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<![CDATA[DataTri, a database of American triatomine species occurrence]]> https://www.researchpad.co/product?articleinfo=5bff41fed5eed0c484aa22af

Trypanosoma cruzi, the causative agent of Chagas disease, is transmitted to mammals - including humans - by insect vectors of the subfamily Triatominae. We present the results of a compilation of triatomine occurrence and complementary ecological data that represents the most complete, integrated and updated database (DataTri) available on triatomine species at a continental scale. This database was assembled by collecting the records of triatomine species published from 1904 to 2017, spanning all American countries with triatomine presence. A total of 21815 georeferenced records were obtained from published literature, personal fieldwork and data provided by colleagues. The data compiled includes 24 American countries, 14 genera and 135 species. From a taxonomic perspective, 67.33% of the records correspond to the genus Triatoma, 20.81% to Panstrongylus, 9.01% to Rhodnius and the remaining 2.85% are distributed among the other 11 triatomine genera. We encourage using DataTri information in various areas, especially to improve knowledge of the geographical distribution of triatomine species and its variations in time.

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<![CDATA[A Mediterranean coastal database for assessing the impacts of sea-level rise and associated hazards]]> https://www.researchpad.co/product?articleinfo=5b4cf84b463d7e12d26b018a

We have developed a new coastal database for the Mediterranean basin that is intended for coastal impact and adaptation assessment to sea-level rise and associated hazards on a regional scale. The data structure of the database relies on a linear representation of the coast with associated spatial assessment units. Using information on coastal morphology, human settlements and administrative boundaries, we have divided the Mediterranean coast into 13 900 coastal assessment units. To these units we have spatially attributed 160 parameters on the characteristics of the natural and socio-economic subsystems, such as extreme sea levels, vertical land movement and number of people exposed to sea-level rise and extreme sea levels. The database contains information on current conditions and on plausible future changes that are essential drivers for future impacts, such as sea-level rise rates and socio-economic development. Besides its intended use in risk and impact assessment, we anticipate that the Mediterranean Coastal Database (MCD) constitutes a useful source of information for a wide range of coastal applications.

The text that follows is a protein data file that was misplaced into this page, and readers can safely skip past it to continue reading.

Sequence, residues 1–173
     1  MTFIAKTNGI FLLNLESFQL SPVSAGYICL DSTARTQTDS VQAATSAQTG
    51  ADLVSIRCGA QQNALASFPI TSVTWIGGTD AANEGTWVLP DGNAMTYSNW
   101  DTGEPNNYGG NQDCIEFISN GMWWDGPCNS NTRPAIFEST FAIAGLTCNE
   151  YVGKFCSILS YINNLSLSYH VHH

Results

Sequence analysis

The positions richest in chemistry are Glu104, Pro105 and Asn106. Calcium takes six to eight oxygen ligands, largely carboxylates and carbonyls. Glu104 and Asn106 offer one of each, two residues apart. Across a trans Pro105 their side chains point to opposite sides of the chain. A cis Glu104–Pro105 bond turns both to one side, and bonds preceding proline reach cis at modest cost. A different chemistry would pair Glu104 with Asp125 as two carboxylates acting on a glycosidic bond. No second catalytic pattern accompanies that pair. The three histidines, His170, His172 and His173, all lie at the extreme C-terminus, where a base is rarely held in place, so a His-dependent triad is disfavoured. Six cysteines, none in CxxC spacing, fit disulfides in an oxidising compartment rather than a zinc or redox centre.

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<![CDATA[The Hamming Ball Sampler]]> https://www.researchpad.co/product?articleinfo=5bf6be03d5eed0c484d2b813

ABSTRACT

We introduce the Hamming ball sampler, a novel Markov chain Monte Carlo algorithm, for efficient inference in statistical models involving high-dimensional discrete state spaces. The sampling scheme uses an auxiliary variable construction that adaptively truncates the model space allowing iterative exploration of the full model space. The approach generalizes conventional Gibbs sampling schemes for discrete spaces and provides an intuitive means for user-controlled balance between statistical efficiency and computational tractability. We illustrate the generic utility of our sampling algorithm through application to a range of statistical models. Supplementary materials for this article are available online.